“Logistics and that type of infrastructure will drive it,” Ungar said.

He added that the teams building here are not doing so just because of their successes in IndyCar. They’re also involved in other racing series, including sports cars; off-road series Extreme E; and Formula E, an all-electric, zero-carbon-footprint, open-wheel series. The Indiana Economic Development Corp. is a sponsor of Andretti’s Formula E car.

“So I think it’s the overall success of motorsports [that] is driving their expansion,” Ungar said. “And then you couple that with an attractive environment in central Indiana, and you’ve got the recipe for beautiful new race shops that will attract high-paying jobs.”

Friendly climate

Ten IndyCar Series teams have major offices in Indianapolis and its suburbs: A.J. Foyt Enterprises, Andretti Autosport, Arrow McLaren SP, Chip Ganassi Racing, Dreyer & Reinbold Racing, Ed Carpenter Racing, Force Indy, HMD Motorsports, Juncos Hollinger Racing and Rahal Letterman Lanigan Racing.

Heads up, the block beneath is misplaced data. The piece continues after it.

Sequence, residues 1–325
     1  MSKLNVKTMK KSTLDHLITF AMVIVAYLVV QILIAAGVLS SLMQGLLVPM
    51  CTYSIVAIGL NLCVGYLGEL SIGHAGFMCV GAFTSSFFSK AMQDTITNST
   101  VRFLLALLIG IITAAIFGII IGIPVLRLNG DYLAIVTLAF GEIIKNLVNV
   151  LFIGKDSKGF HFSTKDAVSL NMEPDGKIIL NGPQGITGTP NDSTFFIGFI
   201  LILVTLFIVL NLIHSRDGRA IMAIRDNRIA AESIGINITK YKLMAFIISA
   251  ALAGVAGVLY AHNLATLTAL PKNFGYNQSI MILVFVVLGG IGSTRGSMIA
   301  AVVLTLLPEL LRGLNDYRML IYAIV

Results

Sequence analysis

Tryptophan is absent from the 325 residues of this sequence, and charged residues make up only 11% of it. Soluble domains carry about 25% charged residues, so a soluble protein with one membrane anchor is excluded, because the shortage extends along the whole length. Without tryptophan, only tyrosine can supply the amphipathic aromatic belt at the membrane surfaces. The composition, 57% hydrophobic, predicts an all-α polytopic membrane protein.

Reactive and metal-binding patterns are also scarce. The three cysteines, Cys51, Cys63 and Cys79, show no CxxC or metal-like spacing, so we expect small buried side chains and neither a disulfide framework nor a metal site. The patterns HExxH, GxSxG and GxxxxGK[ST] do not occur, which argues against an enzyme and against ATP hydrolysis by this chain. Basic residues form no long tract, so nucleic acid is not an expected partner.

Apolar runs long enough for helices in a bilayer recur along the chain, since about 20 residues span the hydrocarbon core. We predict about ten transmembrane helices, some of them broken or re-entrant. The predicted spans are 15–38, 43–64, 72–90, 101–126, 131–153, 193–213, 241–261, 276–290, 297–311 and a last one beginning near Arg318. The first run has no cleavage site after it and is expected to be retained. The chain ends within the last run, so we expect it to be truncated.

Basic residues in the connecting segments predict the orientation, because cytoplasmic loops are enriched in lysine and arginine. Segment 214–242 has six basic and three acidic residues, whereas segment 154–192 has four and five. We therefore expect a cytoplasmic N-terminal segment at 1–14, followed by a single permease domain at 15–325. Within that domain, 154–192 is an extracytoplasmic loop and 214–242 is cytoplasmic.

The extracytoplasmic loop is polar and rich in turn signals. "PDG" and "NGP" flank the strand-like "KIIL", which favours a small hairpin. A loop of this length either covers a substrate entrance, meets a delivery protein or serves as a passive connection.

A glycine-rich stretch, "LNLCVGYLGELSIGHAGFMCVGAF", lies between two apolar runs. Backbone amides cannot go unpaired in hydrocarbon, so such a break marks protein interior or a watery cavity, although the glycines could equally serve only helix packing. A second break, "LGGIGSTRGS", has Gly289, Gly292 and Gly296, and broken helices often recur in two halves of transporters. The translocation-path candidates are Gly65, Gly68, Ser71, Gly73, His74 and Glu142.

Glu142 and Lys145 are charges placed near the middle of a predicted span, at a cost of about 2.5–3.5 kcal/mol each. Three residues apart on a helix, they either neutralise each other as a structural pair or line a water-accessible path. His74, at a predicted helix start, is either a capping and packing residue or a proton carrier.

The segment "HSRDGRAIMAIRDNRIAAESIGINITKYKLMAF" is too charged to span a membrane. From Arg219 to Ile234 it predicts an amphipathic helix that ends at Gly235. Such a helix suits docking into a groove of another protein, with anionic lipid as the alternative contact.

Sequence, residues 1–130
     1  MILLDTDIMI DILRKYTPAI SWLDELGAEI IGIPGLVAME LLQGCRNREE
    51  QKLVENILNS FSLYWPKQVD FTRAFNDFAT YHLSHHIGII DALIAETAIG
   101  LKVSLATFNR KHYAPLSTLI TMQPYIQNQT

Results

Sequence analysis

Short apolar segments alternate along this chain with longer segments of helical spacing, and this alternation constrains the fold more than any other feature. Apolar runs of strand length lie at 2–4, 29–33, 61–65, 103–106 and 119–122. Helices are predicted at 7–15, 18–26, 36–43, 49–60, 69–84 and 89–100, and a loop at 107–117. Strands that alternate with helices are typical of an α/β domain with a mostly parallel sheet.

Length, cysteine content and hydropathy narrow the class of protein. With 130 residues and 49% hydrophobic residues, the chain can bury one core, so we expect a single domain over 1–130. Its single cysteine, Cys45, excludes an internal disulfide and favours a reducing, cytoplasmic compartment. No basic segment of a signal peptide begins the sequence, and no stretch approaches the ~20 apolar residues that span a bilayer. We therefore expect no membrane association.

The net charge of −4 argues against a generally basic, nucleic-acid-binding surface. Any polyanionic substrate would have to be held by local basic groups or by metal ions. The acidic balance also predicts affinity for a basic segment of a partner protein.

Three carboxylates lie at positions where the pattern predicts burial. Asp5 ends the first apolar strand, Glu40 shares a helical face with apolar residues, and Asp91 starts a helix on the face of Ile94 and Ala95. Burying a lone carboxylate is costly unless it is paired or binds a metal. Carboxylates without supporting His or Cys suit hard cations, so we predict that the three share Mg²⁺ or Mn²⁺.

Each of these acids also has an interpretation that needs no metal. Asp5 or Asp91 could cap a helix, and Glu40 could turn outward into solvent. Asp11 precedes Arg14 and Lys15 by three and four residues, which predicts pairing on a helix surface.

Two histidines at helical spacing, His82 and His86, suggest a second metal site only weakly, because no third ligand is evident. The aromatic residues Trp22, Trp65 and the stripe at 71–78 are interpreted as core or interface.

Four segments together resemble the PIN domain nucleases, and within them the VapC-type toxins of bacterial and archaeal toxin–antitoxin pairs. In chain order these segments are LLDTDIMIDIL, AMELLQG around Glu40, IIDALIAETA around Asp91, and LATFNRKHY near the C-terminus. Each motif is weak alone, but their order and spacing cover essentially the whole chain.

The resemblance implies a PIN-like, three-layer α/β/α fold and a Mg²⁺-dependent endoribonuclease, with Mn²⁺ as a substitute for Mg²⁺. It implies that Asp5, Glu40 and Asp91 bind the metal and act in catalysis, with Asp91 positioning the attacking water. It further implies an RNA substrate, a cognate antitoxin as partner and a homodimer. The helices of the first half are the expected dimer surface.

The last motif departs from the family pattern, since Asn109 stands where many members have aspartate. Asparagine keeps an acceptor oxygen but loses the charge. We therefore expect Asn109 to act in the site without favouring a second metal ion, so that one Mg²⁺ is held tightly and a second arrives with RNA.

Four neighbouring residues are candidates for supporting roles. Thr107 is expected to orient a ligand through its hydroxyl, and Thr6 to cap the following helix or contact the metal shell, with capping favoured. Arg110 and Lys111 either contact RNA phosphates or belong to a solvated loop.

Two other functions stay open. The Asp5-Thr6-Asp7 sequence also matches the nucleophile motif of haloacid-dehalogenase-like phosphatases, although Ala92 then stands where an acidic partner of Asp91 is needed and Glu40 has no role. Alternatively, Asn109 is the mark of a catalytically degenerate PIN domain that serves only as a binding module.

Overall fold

Other IndyCar teams with an Indianapolis-area presence include Dragonspeed Cusick Motorsports, Paretta Autosport and Rick Ware Racing. And Italy-based chassis manufacturer Dallara Inc. has its IndyCar Factory in Speedway.

It’s a grouping that motorsports experts compare to the cluster of NASCAR teams in and around Charlotte, North Carolina.

Miles said it’s a recognition that central Indiana “is a great place to be … and it’s becoming even more the motorsports capital of the world.”

Jamie Meyer, president of Performance Racing Industry, which also has offices in suburban Los Angeles, said more teams in IMSA and the National Hot Rod Association—whose U.S. Nationals are hosted annually over Labor Day weekend at Lucas Oil Raceway—could eventually be lured here.